Return to Transcripts main page


Boston Bombing Suspect in Custody; Dzhokhar Tsarnaev May Be Designated Enemy Combatant; 14 Bodies Recovered in West, Texas Explosion

Aired April 20, 2013 - 06:00   ET


JOHN BERMAN, CNN ANCHOR: Look at that. Jubilation and relief. Boston simply erupts in celebration after police captured the sole surviving suspect in the Boston marathon bombing. The historic manhunt is over and a major U.S. city rumbles back to life.

CHRISTINE ROMANS, CNN ANCHOR: Good morning, everyone, we'd like to welcome our viewers across the U.S. and around the world this morning. I'm Christine Romans.

BERMAN: And I'm John Berman. It is a -- rainy morning but a very special morning here in Boston. And you're watching CNN's special coverage of the capture of the marathon bombing suspect live from the rainy streets of Boston.

ROMANS: Let's begin this morning with the latest. Nineteen year old, Dzokar Tsarnaev hospitalized this morning in serious condition. This image from CBS News shows the bloody teen climbing out of a boat in Watertown, where he'd been hiding for hours. Bleeding, curled up, hiding in this boat that had been winterized.

He was first wounded in the Thursday night shootout with police that killed his brother. He may have been hit again in last night's gun fight with police.

The boat's owner says he saw smeared blood, pulled back a tarp on his winterized boat to find Tsarnaev lying there. He was apparently weak from blood loss but still refused to surrender until the very last volley of gunfire.


UNIDENTIFIED SPEAKER: We have movement in the boat. He just sat up. He is moving, flailing about.


BERMAN: This dramatic end to the man hunt. It really exploded across social media. Everyone talking about it. And this photo has been a favorite image. An intelligence source close to the Boston investigation confirms that it was taken immediately after Tsarnaev was arrested. After keeping the city in virtual lockdown for hours, the Boston Police Department was quick to announce the manhunt was, in fact, over.

This tweet says, "Suspect in custody. Officers sweeping the area. Stand by for further info."

And this image from CNN affiliate WMUR shows Tsarnaev in the back of an ambulance being taken to a hospital. He remains there this morning under very heavy guard here at Beth Israel Hospital, one of the fantastic local hospitals in the area.

ROMANS: All right CNN's Poppy Harlow joins us know with more from Watertown on how all of this unfolded.

Good morning, Poppy.

POPPY HARLOW, CNN CORRESPONDENT: Good morning, Christine and John.

It was unreal. That's really the only word I can find to describe what transpired over those 24 hours. Especially in this community. You've got these beautiful houses all around. This is the last thing they expected. Truly dramatic. A very tense 24 hours, a very scary 24 hours. Especially for the residents here. But here is how it all went down.


UNIDENTIFIED SPEAKER: An extraordinary manhunt for two brothers on the run.

UNIDENTIFIED SPEAKER: Today we are enlisting the public's help to identify the two suspects.

UNIDENTIFIED SPEAKER: Just hours after it began an MIT officer is gunned down. Then a carjacking, and a middle of the night chase into Watertown where a shootout with police ensues. Some 200 rounds of gunfire are exchanged. Sources tell CNN the suspects threw a grenade and pipe bombs at police.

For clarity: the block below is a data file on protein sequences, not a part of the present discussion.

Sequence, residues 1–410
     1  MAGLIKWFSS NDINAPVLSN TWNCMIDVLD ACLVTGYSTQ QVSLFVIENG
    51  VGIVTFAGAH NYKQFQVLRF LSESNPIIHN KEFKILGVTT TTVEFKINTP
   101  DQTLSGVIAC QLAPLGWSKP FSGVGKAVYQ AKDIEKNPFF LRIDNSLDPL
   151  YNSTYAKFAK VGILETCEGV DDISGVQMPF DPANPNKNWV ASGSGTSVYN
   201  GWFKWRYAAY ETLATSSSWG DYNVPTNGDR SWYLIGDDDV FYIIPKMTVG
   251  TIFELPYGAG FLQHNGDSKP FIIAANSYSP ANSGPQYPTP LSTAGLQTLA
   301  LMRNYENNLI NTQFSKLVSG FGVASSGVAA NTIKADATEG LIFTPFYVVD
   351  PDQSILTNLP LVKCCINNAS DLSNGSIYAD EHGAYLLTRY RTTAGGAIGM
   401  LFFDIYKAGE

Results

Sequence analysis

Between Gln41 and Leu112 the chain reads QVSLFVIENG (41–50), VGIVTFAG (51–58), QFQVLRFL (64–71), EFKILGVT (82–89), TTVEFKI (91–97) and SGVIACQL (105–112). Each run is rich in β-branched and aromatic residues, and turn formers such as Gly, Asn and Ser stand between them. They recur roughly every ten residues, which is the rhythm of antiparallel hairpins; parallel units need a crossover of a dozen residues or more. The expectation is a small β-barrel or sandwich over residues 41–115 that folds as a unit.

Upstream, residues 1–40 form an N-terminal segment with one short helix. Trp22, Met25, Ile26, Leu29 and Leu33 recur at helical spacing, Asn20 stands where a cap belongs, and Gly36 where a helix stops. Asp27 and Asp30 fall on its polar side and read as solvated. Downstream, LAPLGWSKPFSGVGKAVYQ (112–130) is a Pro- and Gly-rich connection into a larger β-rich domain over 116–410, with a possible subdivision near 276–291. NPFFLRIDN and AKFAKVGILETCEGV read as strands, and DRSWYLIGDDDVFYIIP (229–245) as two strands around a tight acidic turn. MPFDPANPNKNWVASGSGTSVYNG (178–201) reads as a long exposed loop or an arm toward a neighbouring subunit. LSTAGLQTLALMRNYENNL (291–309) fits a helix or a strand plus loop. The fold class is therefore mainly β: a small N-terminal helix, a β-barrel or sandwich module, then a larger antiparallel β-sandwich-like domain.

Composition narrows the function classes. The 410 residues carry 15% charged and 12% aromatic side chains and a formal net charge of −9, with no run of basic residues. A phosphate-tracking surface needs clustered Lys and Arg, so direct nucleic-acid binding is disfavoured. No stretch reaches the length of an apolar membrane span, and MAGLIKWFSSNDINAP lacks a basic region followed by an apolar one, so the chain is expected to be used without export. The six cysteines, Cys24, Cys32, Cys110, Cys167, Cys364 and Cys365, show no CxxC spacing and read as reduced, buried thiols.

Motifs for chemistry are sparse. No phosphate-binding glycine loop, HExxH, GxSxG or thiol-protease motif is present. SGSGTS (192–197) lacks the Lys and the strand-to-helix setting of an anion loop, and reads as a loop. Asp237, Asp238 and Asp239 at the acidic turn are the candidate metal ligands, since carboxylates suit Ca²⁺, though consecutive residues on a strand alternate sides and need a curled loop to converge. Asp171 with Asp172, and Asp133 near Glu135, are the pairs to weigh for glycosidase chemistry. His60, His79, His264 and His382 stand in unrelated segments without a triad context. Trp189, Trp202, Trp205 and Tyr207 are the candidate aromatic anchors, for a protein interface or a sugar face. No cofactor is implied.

UNIDENTIFIED SPEAKER: We heard gunshots and then we saw the explosion.

UNIDENTIFIED SPEAKER: Like a ton of gunshots and then like boom, boom, three big bangs.

UNIDENTIFIED SPEAKER: Officers shoot suspect number one, 26-year-old, Tamerlan Tsarnaev, who later dies with explosives strapped to his body. But his younger brother Dzokar Tsarnaev flees, armed and dangerous.

UNIDENTIFIED SPEAKER: What we're looking for right now is a suspect consistent with the description of Suspect #2.

UNIDENTIFIED SPEAKER: More than 9,000 officers mobilized, much of Boston under lockdown as authorities search high and low for Suspect #2.

UNIDENTIFIED SPEAKER: We believe this to be a terrorist. We believe this to be a man who's come here to kill people.

UNIDENTIFIED SPEAKER: As the hunt continues, the suspect's family speaks out. UNIDENTIFIED SPEAKER: Someone framed them. I don't know who exactly did it, but someone did. And being cowards, they shot the boy dead.

UNIDENTIFIED SPEAKER: He put a shame on this family, on our family Tsarnaev family. He put a shame on the entire Chechen ethnicity.

UNIDENTIFIED SPEAKER: Late Friday, still no capture.

UNIDENTIFIED SPEAKER: We do not have an apprehension of our suspect this afternoon. But we will have one.

UNIDENTIFIED SPEAKER: But just an hour later, officers have Suspect #2 cornered.

UNIDENTIFIED SPEAKER: They have the suspect, they believe it is the suspect. They know exactly where he is. They've cordoned off a section of Watertown.

UNIDENTIFIED SPEAKER: They are yelling loudly to someone you know, in the boat or near it, come out, we just heard them say come out on your terms. We also heard them say come out with your hands up.


UNIDENTIFIED SPEAKER: 8:45 p.m. the Boston Police Department has just tweeted, suspect in custody.

UNIDENTIFIED SPEAKER: Soon after the streets of Boston erupt in celebration.

UNIDENTIFIED SPEAKER: Two perpetrators, who caused so much pain and anguish, are no longer a threat to our personal safety and to our communities.

UNIDENTIFIED SPEAKER: We've closed an important chapter in this tragedy.


HARLOW: And indeed John and Christine, that chapter in this tragedy has been closed. But let's not forget amid all the jubilation we saw in the streets of Boston here last night, this is still very much a tragedy for this city.